By William Ly

    We all have experienced some form of stress at some point in our lives and especially when we are collectively managing the COVID-19 outbreak in Australia. 

    It could be as simple as not being able to see a friend due to repeated lockdowns or of a more serious nature such as dealing with the passing of a loved one.

    It is normal to experience a little stress in everyday life and, to a certain degree, it can even be beneficial to our overall wellbeing. It can help elevate us to another level of optimal awareness and can lead to improved cognitive performance.

    However, if an individual is going through a rather stressful phase for a prolonged period of time this can later lead to the manifestation of other mental health issues such as anxiety and depression.

    According to Traditional Chinese Medicine (TCM), mental health conditions are an indication of the disharmony between the internal organs and the stagnation of Qi (life force energy) within the body. In TCM, it is believed that mental health and physical health are intimately connected. Hence, if an individual is overstressed and negative emotions develop intrinsically as a result over a prolonged period of time their physical health will deteriorate.

    TCM theory believes that once internal organs become imbalanced it will affect the Qi movement within the body and even cause Qi to become stagnated. As discussed in my Brain Fog article, in order to stay mentally focused there needs to be a sufficient amount of Qi and nutrient-rich blood to circulate within the brain. When Qi becomes ‘blocked’ and fails to circulate within the brain you will most likely develop unwanted health conditions to appear.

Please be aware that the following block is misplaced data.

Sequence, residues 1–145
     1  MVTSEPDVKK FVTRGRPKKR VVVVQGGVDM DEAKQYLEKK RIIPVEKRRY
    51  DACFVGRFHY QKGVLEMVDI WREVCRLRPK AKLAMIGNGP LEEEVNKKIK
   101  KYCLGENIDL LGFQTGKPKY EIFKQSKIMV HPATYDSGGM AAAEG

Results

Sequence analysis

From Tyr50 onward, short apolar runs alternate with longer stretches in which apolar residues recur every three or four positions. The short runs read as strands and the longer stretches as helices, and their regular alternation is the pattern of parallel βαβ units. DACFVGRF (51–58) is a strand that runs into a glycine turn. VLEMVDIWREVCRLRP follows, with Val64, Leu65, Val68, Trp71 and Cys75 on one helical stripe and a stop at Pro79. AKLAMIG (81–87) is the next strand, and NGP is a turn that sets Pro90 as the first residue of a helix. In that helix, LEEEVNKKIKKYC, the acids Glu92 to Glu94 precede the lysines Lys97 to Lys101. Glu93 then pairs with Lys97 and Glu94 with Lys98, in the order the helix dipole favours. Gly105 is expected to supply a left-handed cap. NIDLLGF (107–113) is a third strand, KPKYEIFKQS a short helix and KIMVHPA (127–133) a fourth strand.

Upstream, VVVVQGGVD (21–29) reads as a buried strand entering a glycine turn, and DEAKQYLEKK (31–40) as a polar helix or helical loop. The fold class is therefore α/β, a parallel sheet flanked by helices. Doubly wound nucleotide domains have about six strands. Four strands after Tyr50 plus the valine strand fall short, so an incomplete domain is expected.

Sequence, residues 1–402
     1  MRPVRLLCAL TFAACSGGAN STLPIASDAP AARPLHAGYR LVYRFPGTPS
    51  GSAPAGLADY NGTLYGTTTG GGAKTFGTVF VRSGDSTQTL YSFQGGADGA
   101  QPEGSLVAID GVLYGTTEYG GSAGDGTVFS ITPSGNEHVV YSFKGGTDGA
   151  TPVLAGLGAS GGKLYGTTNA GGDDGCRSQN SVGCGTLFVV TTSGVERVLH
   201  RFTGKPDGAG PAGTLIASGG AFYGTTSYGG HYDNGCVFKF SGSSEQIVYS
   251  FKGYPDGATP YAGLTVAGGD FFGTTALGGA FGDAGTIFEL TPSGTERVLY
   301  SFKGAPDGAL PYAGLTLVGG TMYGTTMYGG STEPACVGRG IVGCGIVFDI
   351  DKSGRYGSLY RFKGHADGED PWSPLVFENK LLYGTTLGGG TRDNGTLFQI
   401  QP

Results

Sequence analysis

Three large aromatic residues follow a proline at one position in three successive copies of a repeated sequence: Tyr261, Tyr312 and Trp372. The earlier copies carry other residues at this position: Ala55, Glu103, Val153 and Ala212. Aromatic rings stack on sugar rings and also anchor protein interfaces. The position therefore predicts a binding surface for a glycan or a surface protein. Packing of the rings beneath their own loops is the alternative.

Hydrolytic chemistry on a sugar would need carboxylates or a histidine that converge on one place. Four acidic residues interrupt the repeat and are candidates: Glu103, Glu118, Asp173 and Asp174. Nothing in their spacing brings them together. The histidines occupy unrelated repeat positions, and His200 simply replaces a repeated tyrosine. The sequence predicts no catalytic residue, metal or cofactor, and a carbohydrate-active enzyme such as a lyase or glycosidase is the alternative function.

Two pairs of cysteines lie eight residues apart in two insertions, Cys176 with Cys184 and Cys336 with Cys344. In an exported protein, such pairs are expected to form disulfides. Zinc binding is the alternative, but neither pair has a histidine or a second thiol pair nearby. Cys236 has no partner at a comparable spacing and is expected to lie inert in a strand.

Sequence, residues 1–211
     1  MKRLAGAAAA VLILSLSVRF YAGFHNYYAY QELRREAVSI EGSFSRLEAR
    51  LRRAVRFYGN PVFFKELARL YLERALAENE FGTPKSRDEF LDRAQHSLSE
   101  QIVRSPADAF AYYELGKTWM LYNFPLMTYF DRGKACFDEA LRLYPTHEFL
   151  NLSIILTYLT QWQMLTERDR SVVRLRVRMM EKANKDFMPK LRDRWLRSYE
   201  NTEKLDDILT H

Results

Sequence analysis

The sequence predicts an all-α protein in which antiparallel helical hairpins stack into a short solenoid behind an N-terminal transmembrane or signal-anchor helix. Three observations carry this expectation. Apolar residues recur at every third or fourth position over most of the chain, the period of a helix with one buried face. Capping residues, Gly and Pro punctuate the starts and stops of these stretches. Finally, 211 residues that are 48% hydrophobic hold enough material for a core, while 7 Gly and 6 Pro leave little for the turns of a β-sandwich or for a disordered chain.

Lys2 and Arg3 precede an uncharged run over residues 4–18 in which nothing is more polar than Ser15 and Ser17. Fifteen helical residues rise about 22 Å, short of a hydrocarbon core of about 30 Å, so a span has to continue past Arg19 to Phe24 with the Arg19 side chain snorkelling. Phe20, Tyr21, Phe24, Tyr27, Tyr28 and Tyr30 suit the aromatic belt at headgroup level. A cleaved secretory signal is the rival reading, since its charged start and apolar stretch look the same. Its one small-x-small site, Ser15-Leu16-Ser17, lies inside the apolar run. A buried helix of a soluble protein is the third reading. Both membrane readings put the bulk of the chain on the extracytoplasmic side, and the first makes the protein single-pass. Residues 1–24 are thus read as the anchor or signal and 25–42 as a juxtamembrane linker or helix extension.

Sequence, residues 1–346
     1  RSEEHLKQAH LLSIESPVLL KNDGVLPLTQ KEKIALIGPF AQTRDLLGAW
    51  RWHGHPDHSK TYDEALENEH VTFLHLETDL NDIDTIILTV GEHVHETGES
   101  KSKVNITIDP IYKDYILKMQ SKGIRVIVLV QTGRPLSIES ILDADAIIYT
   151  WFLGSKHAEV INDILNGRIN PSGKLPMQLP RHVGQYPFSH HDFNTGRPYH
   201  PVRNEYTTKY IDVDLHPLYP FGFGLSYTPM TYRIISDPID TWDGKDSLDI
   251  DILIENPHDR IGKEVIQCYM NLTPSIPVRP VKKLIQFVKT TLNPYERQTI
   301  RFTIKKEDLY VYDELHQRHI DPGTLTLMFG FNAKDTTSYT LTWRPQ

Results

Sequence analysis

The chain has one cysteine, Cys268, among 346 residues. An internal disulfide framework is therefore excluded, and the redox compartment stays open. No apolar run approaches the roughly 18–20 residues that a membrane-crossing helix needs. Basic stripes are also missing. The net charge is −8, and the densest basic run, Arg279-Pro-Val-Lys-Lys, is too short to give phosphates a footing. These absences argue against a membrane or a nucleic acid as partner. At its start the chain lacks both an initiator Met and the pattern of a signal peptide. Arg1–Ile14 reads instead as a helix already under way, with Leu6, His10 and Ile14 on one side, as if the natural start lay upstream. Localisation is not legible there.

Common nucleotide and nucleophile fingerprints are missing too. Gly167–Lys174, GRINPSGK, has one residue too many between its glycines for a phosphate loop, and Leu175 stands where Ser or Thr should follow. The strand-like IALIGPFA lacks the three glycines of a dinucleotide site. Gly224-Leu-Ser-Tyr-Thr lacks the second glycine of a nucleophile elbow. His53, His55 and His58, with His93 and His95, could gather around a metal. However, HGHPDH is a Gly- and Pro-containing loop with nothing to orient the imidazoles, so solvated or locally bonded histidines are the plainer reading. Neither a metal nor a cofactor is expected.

The treatment principle of Chinese Medicine is to restore the imbalanced organs and re-establish the free movement of Qi. Acupuncture coupled with the combined use of selective herbal medicine has always been used to reconnect the mind and the body. In doing so, we are able to restore balance to your health.

    If you have any health concerns please always seek tailored health advice from your qualified health practitioners.

    William is the TCM Dr and Acupuncturist at the Western Health Collective

    Here are some helpful tips to help manage your mental health:

    1. Seek a health practitioner or psychologist for professional support
    2. Start a conversation with a friend or family about your mental health
    3. Start eating a healthier diet
    4. Exercise regularly
    5. Meditation or breathing exercises can also help with calming the mind
    6. Have recommended 7-8hrs of sleep
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